The Lives of Others.



After seeing Barbara (2012) at the RBC DumfriesI thought a revisit to another German film set around the same timespan would not be out of order. Although I have seen The Lives of Others (2006) quite a few times, twice at the cinema plus a couple of times on DVD I still find that viewing this award winning movie a very emotional experience.

East German secret Police surveillance operation......

For those of you that have never seen this film, I doubt that will be many, I will give you a short synopsis. The film opens with a written statement informing us its 1984, we are in East Berlin and Glasnost is nowhere in sight. The population of the German Democratic Republic is kept under strict control by the East German Secret Police (the Stasi) Its force of 100000 employees and 200000 informers safeguard the Dictatorship of the Proletariat. Its declared goal is to know everything.  To this end Captain Gerd Wiesler (Ulrich Muhe) a hard-line Stasi officer is engaged in the surveillance of an author/playwright Georg Dreyman (Sebastian Koch) and his beautiful actress girlfriend Christa-Maria Sieland (Martina Gedeck) But unbeknown to Wiesler its not for political reasons that he has been asked to spy on the loyal socialist Dreyman but more to do with removing him on some jumped up charge so that the East German Culture Minister Bruno Hempf can have the beautiful actress Christa-Maria all to him self.  Wiesler is a sad and lonely man, with no friends and no life outside of his work so when he begins to gather information during the surveillance of the academic couple he realises that there is a life beyond his bleak existence and he begins to form a bond with two people he does not know. This in turn makes him question the morality of his job and politics.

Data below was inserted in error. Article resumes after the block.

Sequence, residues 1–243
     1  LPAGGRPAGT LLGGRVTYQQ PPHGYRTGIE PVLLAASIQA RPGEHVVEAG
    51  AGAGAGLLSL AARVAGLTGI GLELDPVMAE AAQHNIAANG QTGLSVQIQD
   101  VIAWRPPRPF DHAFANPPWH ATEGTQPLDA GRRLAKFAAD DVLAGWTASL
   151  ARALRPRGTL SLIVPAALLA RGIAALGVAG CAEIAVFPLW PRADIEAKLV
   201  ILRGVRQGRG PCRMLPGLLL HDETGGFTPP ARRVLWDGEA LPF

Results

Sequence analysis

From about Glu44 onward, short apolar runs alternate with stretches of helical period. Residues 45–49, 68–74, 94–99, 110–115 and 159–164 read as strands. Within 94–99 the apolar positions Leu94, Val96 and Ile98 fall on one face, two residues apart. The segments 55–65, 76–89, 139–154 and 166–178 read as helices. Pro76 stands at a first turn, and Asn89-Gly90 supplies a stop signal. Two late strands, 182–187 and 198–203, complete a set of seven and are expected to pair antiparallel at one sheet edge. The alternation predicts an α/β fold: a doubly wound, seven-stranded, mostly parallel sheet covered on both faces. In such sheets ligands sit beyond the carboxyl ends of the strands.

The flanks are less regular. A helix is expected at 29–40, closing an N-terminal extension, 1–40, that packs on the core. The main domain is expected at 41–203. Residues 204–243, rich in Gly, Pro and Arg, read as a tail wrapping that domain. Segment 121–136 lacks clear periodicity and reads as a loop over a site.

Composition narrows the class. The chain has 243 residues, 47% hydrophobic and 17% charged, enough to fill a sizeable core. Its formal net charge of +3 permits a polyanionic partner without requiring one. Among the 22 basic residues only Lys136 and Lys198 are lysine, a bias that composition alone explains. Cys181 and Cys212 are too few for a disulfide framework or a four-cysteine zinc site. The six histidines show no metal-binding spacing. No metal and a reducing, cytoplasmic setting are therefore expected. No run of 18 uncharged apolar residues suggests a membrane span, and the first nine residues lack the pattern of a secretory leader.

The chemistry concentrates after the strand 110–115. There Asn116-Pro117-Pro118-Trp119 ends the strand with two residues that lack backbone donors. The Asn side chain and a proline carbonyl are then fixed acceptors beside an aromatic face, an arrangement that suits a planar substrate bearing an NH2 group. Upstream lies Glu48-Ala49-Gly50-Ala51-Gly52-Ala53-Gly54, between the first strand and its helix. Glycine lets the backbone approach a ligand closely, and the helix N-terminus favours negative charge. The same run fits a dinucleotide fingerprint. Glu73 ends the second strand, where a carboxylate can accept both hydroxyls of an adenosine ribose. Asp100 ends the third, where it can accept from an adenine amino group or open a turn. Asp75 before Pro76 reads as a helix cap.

...........Dreyman and Christa-Maria have no idea whats happening in their loft area!

The strength of this movie is in its powerful script written by the film’s director Florian Henckel von Donnersmarck (The Tourist 2011) who carried out extensive research by interviewing both the people that worked for the regime and those most effected by it. Machines and equipment that were actually used by the Secret Police along with genuine street locations, clothes and cars gave the film a great sense of authenticity. A wonderfully convincing performance from the complete cast with Ulrich Muhe’s part as Wiesler allegedly mirroring his own life! After German reunification he discovered evidence in his Stasi file that he had been under surveillance not only by four of his fellow actors but also by his wife who was registered as an ‘unofficial collaborator’ although she denied it. Muhe subsequently died of stomach cancer in 2007.  It was the Lebanese composer Gabriel Yared, who won an Oscar for Best Original Score for The English Patient (1996), who composed the haunting Sonata for a Good Manthat plays such a significant part in von Donnersmarck film. Incidentally Sebastian Koch, who could not play the piano, practiced for four hours a day for six weeks so that he could actually perform this music. This is an intensely enjoyable piece of cinema that reveals the mechanism of dictatorship by showing as clearly as possible human destinies from the perspective of a man that worked for the secret police, unusually, for German film, depicting him as a human-being rather than a clog in the state wheel.